This is an extremely hot button issue at North Park because almost half of the student body is female and many of them, myself included, feel called by God to pastoral ministry. In other words, me, a woman is called to be a lead or associate pastor. Frankly, this is the last thing on earth I would have chosen to do--if I had my way. I have never had 'feminist' tendencies before and I have never been abused or personally exploited by a man--in fact I have a positive and close relationship with my father. My strive for equality is not a bitter reaction--its a sincere attempt to understand God's calling on my life.

I guess what I am getting at--is that this discussion is not just a theory--its personal. I did not choose to enter a predominantly male profession to make some sort of feminist statement--if I wanted to make a feminist statement with my career I would have picked something with a little more earning potential. I did not choose this calling, God chose me.

All theoretical discussion aside.....are you saying that my call, that I have agonized over, prayed over, and fought (yes fought) God over is not valid?

I know you are probably thinking...."I never said a woman couldn't serve in the church--I just mean that she should have her place and a man should have his" And I would answer--but God has not called me to lead women's groups and teach children (as would be my 'more acceptable' place)--he has called me to preach and lead the church to a better understanding of Him and His word.

I guess I am having a hard time understanding how a classmate, colleague, and brother in Christ could make a determination that my call is invalid because he has physical 'balls' and I don't. And I guess I am glad I don't have 'balls' because it sounds like being a middle class male is hell these days.

Devyn

Mark Grapengater said...

Devyn,

I just want to touch on a couple of things that you wrote.

First, I don't see that just because someone is a man, he is able to lead a church. There are a lot of failing male pastors out there right now that can't tell the difference between their wife and the secretary working for them. This is extrememly unfortuante and precautions should be taken, personally and corporately to ensure this from happening.

Nor am I the one that is going to stand up and say that your call is invalid. One, I'm not you and moreover, don't know you very well. Second, I would lose my sachel if I said something like that here.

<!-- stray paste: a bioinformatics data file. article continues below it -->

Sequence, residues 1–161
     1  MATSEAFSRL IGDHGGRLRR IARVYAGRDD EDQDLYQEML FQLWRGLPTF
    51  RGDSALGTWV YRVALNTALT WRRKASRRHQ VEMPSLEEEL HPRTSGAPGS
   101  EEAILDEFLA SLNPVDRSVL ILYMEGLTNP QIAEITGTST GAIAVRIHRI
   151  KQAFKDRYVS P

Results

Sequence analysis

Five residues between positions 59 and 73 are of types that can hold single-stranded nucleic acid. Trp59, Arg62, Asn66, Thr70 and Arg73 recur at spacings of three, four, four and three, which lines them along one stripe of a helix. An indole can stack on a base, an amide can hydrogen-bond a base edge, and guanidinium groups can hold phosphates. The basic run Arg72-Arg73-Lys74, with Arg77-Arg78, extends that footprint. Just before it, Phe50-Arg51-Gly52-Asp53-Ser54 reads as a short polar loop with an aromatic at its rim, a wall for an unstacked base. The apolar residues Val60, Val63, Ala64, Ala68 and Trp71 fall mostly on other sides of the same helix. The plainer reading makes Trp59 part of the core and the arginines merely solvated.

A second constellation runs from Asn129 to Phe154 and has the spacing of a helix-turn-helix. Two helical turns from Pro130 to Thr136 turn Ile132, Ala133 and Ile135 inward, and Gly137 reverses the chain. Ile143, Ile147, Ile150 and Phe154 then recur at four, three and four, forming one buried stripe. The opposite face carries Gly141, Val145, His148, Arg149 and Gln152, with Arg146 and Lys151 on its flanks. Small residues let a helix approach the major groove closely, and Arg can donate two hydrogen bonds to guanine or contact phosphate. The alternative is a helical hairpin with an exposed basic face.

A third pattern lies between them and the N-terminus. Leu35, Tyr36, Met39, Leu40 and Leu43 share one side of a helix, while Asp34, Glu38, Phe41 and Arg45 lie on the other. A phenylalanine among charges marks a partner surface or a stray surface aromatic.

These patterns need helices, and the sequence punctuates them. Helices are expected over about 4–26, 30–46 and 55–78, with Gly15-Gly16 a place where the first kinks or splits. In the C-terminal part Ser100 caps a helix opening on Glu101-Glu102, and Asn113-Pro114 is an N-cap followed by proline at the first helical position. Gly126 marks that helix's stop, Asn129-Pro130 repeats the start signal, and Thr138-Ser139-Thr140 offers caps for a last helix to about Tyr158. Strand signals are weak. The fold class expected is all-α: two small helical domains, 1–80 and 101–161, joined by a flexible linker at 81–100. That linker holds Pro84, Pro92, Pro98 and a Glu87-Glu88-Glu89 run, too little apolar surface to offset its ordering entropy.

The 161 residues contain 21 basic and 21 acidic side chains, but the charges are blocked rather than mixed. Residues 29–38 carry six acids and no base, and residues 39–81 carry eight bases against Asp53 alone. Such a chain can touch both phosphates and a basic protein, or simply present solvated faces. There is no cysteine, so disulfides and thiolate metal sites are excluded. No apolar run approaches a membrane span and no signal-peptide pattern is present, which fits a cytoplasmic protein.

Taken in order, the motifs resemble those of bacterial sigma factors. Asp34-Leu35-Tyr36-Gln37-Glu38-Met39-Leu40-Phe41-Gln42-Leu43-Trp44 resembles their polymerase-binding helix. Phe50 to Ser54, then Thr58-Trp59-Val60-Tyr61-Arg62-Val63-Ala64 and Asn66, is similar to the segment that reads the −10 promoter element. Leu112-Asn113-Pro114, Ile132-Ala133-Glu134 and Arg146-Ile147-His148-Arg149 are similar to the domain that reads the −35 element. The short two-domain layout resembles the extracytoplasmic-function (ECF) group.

Speaking from the experience side of the discussion, I would encourage you to continue to evaluate your call, especially since you say, "I did not choose this calling..." Personally, I chose this calling. I felt it on my life. I've examined my life against what the Bible says and know that there are a few things I'm working on. I don't feel comfortable going to plant a church as a single male. I need that support that a wife offers.

Grace and Peace,
Mark

Devyn said...

Mark,

I appreciate that you are not going to 'stand up' and declare my calling invalid but your position does declare my calling invalid, as well as the callings of many women in the seminary and around the world.

Also I would like to clarify that I continually turn to God for guidance in my call. But don't interpret my statement "I did not choose this call, God chose me" to mean I haven't embraced my calling or that I am not confidant in my calling. I have chosen to accept and embrace my calling because God called me and has changed my heart in the process.

Paul did not choose to follow Christ and proclaim the Gospel, so much as Christ chose him....and turned his life upside down in the process.

The point I am trying to make is that I would not be here if it were up to me--or up to the me I was before God got ahold of me in a powerful way. I am not here to teach oppressive males a lesson--I am here out of obedience to God and have found joy in the process.

Devyn

Ingrid said...
This comment has been removed by the author.
Ingrid said...

In response to Kerry's comment on the "Check your Balls" post -

Thanks for the definition of sarcasm there. Continuing with the precision in language theme, I think that a lot of people (myself included) use the word sarcasm when what we really mean is irony, "the use of words to convey the opposite of their literal meaning; a literary style employing ironic contrasts for humorous or rhetorical effect". Irony does not carry the same connotation of hurtfulness, even if some listeners would find it obnoxious. I hope that my use of sarcasm/irony is in the spirit of effective argumentation against ideas or situations rather than sneering ridicule of persons one claims in other posts to respect consistently.